Volume 2 Review is a regular feature that looks back to the late 1990s when Marvel rebooted its Spider-Man series for the very first time. Each installment will discuss a different arc and whether or not it achieves its goals of presenting something new and/or gripping about the Spider-Man character and mythos.
In this installment, we’re discussing Amazing Spider-Man vol. 2 #11 (story by Howard Mackie/John Byrne; inks by Scott Hanna) and Peter Parker: Spider-Man vol. 2 #11 (story by Mackie; art by John Romita Jr. and Hanna)
Despite the fact that a lot of my criticism of Amazing Spider-Man volume 2 centers around the Howard Mackie/John Byrne creative team, I think it’s important for a reader to consider the broader context of the state of Marvel and the comic book industry as a whole when reading and evaluating these stories in retrospect.
For example, the two-part “Bright Lights, Bigger City,” starts off as a fairly compelling story in ASM #11, as Mackie and Byrne finally start to play off the long-simmering “discontent” between Peter and Mary Jane. The comic ends on a heckuva cliffhanger with Peter (as Spidey) rescuing MJ during a modeling shoot despite the fact that he has still failed to own up to the fact that he’s out there risking his life as Spider-Man again. But when the storyline resumes in the other Spider-book, Peter Parker: Spider-Man #11, Mackie (paired off with artist John Romita Jr.) seemingly brushes the Peter/MJ story aside in favor of some wacky crossover dubbed “The Eighth Day” involving the Avengers and the X-Men.
It would be highly disingenuous to beat up Mackie for this sudden shift in tone and narrative focus because, sadly, the contents of PPSM #11 are more reflective of the cumulative ADD/desperation of late 90s Marvel than Mackie’s ability to tell a Spider-Man story. At this point in history, Marvel was still recovering from the bottom falling out of the comic book market (mostly fueled by comic book collector speculator bubble bursting from all of those foil and chromium variants, though also caused by some of the company’s disastrous financial/business decisions).
The X-Men seemed to be the only franchise fully immune to the decline in sales, though Spider-Man was still fairly successful, if not inconsistent. However, other comic book franchises, like the Avengers and the Fantastic Four were pretty hard hit, which led to ill-advised events like “Heroes Reborn” and “Heroes Return.” With that in mind, having the Spider-office shift gears after ending one of its issues on a cliffhanger in order to work Spider-Man into an Avengers crossover story like “The Eighth Day” smacks of Marvel trying to leech off of some of Spider-Man’s sales heat as a means to prop up Earth’s mightiest, yet financially struggling heroes.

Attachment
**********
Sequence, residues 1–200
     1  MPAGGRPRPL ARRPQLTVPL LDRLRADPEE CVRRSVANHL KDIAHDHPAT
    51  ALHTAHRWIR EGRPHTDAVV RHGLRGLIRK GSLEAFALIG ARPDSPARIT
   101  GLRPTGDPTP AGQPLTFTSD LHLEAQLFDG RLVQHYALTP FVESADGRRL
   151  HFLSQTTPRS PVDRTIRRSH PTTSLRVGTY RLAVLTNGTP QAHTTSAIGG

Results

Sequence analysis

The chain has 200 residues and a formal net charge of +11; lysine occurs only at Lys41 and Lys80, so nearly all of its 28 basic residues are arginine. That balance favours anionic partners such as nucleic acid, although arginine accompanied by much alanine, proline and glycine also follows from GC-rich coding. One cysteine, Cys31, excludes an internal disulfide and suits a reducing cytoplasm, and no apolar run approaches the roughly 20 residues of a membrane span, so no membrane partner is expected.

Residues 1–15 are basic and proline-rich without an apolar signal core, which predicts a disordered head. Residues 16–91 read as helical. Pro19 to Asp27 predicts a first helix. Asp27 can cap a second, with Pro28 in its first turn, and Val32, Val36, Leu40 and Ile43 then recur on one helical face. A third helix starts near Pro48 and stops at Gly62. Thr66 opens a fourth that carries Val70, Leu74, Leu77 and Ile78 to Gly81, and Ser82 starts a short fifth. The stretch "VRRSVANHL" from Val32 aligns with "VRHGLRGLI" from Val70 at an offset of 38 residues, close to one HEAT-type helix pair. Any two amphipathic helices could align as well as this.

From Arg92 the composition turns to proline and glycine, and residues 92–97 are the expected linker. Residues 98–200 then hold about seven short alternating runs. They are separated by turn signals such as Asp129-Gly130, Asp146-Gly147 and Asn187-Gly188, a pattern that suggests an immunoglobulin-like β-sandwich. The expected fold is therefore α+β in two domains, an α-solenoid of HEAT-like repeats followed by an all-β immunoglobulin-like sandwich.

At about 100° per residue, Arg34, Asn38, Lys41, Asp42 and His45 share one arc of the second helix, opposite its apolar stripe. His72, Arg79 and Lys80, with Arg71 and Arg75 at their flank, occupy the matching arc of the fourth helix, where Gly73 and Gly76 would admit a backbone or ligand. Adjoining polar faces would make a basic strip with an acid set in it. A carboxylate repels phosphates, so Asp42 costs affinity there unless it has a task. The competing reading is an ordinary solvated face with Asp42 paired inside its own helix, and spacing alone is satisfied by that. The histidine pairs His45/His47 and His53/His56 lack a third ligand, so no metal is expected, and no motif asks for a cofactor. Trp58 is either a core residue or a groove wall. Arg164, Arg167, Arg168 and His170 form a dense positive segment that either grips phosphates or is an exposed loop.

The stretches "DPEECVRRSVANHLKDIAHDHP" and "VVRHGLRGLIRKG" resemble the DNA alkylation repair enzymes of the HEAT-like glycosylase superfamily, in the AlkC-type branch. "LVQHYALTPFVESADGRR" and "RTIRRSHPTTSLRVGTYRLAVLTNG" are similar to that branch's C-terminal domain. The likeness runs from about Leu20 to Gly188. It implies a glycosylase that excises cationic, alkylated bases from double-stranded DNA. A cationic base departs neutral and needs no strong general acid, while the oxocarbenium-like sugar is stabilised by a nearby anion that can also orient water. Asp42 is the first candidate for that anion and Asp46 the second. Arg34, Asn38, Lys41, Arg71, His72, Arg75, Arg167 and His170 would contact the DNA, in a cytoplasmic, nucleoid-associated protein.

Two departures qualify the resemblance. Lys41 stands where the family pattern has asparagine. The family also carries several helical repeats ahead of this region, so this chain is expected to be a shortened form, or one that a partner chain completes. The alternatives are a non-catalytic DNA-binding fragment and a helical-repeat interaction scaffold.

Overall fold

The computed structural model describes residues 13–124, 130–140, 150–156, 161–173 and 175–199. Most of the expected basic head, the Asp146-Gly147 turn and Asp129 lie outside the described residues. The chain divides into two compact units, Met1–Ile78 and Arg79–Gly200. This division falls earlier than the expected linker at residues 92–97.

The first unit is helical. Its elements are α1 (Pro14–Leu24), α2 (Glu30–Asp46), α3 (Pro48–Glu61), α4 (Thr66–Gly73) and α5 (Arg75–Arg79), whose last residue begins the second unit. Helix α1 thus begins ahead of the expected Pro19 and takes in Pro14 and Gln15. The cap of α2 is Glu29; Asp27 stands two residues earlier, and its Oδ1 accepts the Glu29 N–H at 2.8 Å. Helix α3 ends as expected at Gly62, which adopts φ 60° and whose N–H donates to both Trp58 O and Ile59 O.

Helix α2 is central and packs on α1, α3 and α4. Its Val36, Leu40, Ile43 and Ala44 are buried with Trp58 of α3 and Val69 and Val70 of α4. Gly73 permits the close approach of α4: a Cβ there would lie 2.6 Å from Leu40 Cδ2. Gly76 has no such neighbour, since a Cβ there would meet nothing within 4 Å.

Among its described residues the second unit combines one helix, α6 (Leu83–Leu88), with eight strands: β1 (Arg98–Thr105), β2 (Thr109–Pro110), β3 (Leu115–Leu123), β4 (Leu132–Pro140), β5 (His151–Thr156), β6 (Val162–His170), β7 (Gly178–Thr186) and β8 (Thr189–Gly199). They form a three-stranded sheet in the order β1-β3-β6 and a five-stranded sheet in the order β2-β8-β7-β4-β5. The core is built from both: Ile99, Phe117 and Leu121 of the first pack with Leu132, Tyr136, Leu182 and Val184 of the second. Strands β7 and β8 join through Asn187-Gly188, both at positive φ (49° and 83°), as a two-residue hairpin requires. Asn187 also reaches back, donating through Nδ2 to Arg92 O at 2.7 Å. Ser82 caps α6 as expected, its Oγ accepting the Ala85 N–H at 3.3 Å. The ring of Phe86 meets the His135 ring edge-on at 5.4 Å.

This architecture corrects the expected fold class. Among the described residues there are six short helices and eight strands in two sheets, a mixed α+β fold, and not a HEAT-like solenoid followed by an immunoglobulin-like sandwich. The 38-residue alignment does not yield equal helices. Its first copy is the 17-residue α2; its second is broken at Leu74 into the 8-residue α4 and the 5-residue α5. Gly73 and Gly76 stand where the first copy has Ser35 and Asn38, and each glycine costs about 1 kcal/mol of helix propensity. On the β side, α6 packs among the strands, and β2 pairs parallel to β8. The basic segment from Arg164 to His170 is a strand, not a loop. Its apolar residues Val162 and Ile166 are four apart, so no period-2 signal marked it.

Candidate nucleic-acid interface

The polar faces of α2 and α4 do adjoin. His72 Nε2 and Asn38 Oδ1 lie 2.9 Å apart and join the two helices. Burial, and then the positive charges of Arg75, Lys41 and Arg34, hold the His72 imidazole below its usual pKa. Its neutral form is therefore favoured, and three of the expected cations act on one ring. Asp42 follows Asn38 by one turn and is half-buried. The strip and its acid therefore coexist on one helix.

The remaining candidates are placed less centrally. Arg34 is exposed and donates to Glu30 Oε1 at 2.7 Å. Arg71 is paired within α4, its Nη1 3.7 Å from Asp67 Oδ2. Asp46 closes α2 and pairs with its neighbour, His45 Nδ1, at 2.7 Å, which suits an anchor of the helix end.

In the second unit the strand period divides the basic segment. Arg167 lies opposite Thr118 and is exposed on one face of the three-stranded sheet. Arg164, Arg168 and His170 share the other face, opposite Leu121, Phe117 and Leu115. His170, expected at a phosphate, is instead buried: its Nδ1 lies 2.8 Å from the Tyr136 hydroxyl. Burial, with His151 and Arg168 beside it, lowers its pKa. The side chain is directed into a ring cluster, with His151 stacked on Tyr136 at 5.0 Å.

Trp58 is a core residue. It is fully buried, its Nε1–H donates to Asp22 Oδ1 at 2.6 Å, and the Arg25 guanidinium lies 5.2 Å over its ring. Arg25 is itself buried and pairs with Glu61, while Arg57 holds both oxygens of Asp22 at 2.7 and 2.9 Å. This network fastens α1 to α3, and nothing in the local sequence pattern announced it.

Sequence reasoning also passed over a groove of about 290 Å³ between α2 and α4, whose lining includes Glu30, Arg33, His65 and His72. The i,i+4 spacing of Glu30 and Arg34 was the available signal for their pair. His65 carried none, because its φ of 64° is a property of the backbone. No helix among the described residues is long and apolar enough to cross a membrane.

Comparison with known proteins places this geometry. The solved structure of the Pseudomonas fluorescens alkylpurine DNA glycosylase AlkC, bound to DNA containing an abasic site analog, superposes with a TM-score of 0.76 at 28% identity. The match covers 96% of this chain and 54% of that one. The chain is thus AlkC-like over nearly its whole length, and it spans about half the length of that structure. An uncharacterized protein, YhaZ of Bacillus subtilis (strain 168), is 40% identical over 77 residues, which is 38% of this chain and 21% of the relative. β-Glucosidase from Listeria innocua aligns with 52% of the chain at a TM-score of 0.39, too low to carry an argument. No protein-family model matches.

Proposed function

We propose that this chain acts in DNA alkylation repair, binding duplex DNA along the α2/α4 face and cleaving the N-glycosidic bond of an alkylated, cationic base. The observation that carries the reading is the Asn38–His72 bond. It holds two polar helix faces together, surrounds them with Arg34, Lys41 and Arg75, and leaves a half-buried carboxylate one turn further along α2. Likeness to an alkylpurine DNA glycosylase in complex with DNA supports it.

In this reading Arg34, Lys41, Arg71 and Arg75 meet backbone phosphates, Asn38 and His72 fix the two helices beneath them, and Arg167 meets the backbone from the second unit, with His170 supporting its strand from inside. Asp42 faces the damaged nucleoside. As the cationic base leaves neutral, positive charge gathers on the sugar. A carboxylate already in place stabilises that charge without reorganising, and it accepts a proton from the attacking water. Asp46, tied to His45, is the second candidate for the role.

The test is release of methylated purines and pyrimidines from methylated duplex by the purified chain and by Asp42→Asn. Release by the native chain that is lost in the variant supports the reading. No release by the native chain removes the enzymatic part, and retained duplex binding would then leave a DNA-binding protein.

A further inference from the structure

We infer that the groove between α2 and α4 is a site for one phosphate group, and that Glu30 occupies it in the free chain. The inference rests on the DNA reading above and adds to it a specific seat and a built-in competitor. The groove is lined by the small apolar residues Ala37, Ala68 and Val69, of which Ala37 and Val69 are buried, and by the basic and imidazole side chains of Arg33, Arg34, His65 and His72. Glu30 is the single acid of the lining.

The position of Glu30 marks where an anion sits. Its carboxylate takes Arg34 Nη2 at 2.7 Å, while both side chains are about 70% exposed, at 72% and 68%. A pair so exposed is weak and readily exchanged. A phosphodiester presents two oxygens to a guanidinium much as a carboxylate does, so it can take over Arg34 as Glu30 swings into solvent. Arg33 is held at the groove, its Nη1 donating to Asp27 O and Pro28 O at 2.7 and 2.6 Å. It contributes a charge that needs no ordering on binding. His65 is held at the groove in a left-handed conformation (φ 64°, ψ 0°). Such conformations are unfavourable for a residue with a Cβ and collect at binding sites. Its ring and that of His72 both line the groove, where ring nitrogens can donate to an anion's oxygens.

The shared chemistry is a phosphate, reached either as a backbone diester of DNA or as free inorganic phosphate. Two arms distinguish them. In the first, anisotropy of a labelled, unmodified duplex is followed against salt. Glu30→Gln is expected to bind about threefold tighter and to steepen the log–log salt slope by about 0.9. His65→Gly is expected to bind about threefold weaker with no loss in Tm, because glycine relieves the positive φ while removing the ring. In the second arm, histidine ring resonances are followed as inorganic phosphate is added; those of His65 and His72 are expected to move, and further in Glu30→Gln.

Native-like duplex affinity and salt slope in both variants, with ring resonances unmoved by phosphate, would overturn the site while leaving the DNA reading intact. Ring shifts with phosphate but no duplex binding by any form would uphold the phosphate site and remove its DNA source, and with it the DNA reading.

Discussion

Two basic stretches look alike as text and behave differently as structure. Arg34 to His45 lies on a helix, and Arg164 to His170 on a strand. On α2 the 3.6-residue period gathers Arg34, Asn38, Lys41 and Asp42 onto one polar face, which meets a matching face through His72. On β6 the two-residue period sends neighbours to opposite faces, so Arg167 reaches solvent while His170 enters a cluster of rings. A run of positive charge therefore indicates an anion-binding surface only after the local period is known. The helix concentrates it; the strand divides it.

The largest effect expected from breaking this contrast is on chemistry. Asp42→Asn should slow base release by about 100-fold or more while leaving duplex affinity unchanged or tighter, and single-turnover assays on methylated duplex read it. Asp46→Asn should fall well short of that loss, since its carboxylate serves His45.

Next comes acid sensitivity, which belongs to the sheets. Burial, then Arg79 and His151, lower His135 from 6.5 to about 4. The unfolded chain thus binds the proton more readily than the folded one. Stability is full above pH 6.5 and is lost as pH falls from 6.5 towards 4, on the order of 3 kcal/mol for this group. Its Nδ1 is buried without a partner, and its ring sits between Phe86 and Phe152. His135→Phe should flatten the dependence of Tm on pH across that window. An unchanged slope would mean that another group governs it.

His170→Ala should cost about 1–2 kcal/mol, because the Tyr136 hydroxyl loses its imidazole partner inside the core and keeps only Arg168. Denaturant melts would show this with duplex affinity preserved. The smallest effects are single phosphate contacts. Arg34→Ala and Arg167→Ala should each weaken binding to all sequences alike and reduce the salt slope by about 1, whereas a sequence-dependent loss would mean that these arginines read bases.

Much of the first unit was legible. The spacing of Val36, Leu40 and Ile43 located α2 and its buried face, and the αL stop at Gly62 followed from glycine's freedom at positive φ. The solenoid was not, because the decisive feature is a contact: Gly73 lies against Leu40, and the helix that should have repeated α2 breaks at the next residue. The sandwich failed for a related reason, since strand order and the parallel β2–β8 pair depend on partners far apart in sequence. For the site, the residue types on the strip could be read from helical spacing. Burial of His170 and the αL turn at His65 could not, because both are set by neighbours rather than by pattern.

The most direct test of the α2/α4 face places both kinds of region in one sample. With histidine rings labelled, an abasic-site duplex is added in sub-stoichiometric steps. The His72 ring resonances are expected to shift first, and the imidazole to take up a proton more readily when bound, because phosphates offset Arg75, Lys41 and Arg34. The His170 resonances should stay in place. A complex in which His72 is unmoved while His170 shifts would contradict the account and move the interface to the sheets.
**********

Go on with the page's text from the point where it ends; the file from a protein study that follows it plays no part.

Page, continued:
In terms of looking at what actually worked in this arc — more specifically, what about ASM #11 that makes it an enjoyable read — after months of teasing about there being some marital tension between Peter and MJ, Mackie and Byrne confidently pull the trigger on this story and take the couple to some new, uncomfortable places. Adding some fuel to the drama-fire is the fact that there’s an anonymous stalker tormenting MJ and threatening to kill her “husband” (which seemingly rules out an established villain a la Venom or Doc Ock from consideration), and yet Mary Jane is so frustrated by Peter’s disengagement from their lives, she would rather talk to her friend, Jill Stacy about her predicament that her life partner.
To that last point, Mackie and Byrne are smart in showing that MJ’s own disengagement and frustrations are playing a role in the discord. It’s an important distinction to make because it’s not unusual to see the wife or primary female character be portrayed as an unsympathetic shrew in superhero comics and other parts of pop culture (television shows like “Breaking Bad” and “The Sopranos” come to mind). Mackie/Byrne are adding some nuanced brushstrokes to both these characters, which helps make their struggling marriage come across as relateable. Neither one is clearly all in the wrong or the right.
But let’s not pop the champagne and celebrate this story just yet. It’s also worth noting that the creative team doesn’t start pushing the envelope with Peter and MJ until nearly 10 months after first introducing the idea that the potential was there for some friction to develop. The slow burn approach is further exacerbated by the fact that Mackie/Byrne would sometimes go entire arcs without even addressing the state of the Parker union.
That’s mainly why the bait and switch of this arc’s second part is so frustrating. After months of cautious tap dancing from Mackie/Byrne the reader finally gets something dramatic only for the subplot to continue for a few pages in PPSM #11 before an out-of-nowhere nonsensical crossover storyline takes over. Furthermore, Mackie/Byrne seemingly waste what should have been a critical reveal – Peter admits to Mary Jane that he’s Spider-Man again and she dismisses him by telling him she knew all along — since the comic’s narrative shifts so suddenly away from the story. Fast forward just a couple of years when Mackie/Byrne were off the book and Marvel had somewhat righted its ship and a creative team like J. Michael Straczynski and JRJR would have likely spent an entire issue or more focusing on the emotional fallout of Peter’s revelation and MJ’s response (in fact, JMS and Romita did a few issues of this nature).